3

I'm trying to fix a memory leak in a very large project. Benchmarks have confirmed that memory leaks are a significant problem, and I'm working on finding the source of them.

Running the project on a very simple case, I get ~850 potential memory leaks reported. All but about 5 of them look like:

==83597== 768 bytes in 3 blocks are possibly lost in loss record 743 of 864
==83597==    at 0x4C2AB80: malloc (in /usr/lib/valgrind/vgpreload_memcheck-amd64-linux.so)
==83597==    by 0x548EF93: myproject_malloc (mysourcefile.c:48)
==83597==    by 0x4F13FD5: ??? (in /path/to/project/library-version.so)
==83597==    by 0x1101: ???
==83597==    by 0xF7: ???
==83597==    by 0x64D4D87: ???
==83597==    by 0xFFFFFFFFFFFFFFFD: ???
==83597==    by 0x6: ???
==83597==    by 0x4F03BB0: ??? (in /path/to/project/library-version.so)
==83597==    by 0xFFFFFFFFFFFFFFFD: ???
==83597==    by 0x64D4D87: ???


==83597== 920 bytes in 1 blocks are possibly lost in loss record 750 of 864
==83597==    at 0x4C2AB80: malloc (in /usr/lib/valgrind/vgpreload_memcheck-amd64-linux.so)
==83597==    by 0x548EF93: myproject_malloc (mysourcefile.c:48)
==83597==    by 0x4F13FD5: ??? (in /path/to/project/library-version.so)
==83597==    by 0xFFEFFFD5F: ???
==83597==    by 0x38F: ???
==83597==    by 0xFFEFFFE5F: ???
==83597==    by 0xF: ???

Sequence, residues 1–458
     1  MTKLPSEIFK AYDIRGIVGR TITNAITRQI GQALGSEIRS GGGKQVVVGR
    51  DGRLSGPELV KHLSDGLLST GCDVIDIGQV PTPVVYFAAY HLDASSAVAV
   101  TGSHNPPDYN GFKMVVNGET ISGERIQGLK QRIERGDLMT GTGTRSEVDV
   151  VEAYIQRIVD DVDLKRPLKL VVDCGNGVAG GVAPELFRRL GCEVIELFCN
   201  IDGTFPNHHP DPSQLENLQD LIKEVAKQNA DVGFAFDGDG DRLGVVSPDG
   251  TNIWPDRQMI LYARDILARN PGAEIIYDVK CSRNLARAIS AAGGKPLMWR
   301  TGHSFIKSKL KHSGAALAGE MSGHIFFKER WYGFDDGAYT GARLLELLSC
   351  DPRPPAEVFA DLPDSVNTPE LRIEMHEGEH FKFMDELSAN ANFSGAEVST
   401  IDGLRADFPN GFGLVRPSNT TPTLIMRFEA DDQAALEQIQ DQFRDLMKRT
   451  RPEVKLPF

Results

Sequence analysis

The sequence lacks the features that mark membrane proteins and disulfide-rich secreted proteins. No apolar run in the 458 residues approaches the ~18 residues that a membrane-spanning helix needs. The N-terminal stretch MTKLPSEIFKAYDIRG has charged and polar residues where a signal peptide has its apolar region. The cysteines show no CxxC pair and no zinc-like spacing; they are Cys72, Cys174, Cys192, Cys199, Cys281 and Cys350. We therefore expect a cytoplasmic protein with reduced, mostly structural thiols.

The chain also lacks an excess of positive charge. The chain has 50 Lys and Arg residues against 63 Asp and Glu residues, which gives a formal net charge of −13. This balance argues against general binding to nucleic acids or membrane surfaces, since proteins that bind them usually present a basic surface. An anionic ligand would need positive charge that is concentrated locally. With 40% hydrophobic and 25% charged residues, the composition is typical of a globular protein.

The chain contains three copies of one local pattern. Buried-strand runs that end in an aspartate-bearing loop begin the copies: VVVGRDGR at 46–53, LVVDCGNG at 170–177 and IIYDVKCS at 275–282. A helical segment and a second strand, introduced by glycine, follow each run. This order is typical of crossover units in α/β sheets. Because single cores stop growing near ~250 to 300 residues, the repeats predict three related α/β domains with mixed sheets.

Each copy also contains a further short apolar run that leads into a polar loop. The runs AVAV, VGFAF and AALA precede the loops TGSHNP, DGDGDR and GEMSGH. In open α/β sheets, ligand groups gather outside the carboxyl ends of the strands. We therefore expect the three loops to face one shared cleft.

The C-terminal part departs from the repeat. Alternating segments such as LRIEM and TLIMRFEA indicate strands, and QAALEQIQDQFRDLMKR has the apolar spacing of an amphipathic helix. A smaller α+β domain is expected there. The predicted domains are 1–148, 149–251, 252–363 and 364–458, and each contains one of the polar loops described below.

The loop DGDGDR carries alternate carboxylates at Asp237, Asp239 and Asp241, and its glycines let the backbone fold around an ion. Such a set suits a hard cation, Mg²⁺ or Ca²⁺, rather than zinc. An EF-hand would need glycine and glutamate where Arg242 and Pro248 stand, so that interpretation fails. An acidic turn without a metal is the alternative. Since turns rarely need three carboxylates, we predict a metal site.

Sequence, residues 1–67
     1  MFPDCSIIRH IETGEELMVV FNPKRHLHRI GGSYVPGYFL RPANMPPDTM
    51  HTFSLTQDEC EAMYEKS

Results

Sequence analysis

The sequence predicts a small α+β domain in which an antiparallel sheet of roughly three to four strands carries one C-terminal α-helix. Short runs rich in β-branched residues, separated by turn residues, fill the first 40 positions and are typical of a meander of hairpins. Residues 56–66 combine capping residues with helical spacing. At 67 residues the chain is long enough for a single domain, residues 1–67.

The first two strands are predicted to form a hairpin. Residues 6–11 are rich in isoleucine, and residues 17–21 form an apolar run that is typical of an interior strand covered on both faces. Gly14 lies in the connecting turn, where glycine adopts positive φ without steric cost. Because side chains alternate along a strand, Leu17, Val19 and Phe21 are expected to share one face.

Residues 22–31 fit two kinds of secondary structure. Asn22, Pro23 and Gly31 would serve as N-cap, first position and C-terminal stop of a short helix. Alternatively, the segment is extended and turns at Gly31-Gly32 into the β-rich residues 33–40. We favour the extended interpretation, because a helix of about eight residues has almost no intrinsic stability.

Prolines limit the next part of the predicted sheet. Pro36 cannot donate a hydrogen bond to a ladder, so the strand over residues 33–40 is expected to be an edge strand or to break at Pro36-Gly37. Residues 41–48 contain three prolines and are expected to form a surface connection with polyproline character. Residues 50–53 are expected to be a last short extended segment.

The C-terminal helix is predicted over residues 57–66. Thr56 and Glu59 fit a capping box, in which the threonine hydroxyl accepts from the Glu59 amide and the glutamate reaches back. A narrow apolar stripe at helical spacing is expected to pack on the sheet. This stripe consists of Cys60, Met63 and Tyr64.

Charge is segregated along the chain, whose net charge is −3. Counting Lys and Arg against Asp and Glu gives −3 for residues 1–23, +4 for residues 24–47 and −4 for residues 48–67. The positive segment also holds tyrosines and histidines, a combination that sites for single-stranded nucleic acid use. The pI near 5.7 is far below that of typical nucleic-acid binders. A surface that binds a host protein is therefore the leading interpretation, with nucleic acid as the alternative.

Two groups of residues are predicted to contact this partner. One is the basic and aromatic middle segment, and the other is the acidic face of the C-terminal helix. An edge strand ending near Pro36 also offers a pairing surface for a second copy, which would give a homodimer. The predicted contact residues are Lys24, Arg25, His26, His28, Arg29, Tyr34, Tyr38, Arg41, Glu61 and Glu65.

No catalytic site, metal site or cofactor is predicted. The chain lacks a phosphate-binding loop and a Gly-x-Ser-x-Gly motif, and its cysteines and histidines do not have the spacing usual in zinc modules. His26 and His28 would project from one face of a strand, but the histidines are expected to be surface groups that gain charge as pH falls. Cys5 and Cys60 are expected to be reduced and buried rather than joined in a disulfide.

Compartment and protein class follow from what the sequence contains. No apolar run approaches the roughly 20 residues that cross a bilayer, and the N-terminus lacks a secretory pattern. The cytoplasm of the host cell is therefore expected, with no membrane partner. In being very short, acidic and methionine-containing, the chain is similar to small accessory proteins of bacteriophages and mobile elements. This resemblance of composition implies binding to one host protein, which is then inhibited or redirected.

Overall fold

==83597==    by 0x54542FF: ??? (in /path/to/project/library-version.so)
==83597==    by 0x4F536CA: ??? (in /path/to/project/library-version.so)
==83597==    by 0x64B981F: ???
==83597==    by 0xF: ???
==83597==    by 0x54542FF: ??? (in /path/to/project/library-version.so)


==83597== 1,360 bytes in 1 blocks are possibly lost in loss record 789 of 864
==83597==    at 0x4C2AB80: malloc (in /usr/lib/valgrind/vgpreload_memcheck-amd64-linux.so)
==83597==    by 0x548EF93: myproject_malloc (mysourcefile.c:48)
==83597==    by 0x4F13FD5: ??? (in /path/to/project/library-version.so)
==83597==    by 0x1101: ???
==83597==    by 0x547: ???
==83597==    by 0x1F: ???
==83597==    by 0x6584267: ???
==83597==    by 0x547: ???
==83597==    by 0x4F13808: ??? (in /path/to/project/library-version.so)
==83597==    by 0x6584267: ???
==83597==    by 0x6584527: ???
==83597==    by 0x65805FF: ???

I'm working on getting valgrind to give real, useful output rather than ???, but it may not be possible, and I'd like to be able to get useful output from memcheck until that happens.

A useful report has > 1 function call reported from a real source file rather than a .so file (because every output reports myproject_malloc as a potential leak source). What's the simplest way I can cut out all of the junk from the output and still display it as plain text in my emacs compilation buffer?

I know I could write a Python script that would be a few dozen lines long to do the job by checking every time I enter a new error report and counting the number of times I see ".c:\d+", but I'd prefer something simpler.

Is there a nice way to do this with commandline tools? Or an option to valgrind that I'm not aware of?

3

Not an option, but a configuration feature: valgrind can be configured with suppression files which tell it to ignore certain stack traces.

For information,

Yes! Use the --gen-suppressions=yes feature to spit out suppressions automatically for you. You can then edit them if you like, eg. combining similar automatically generated suppressions using wildcards like '*'.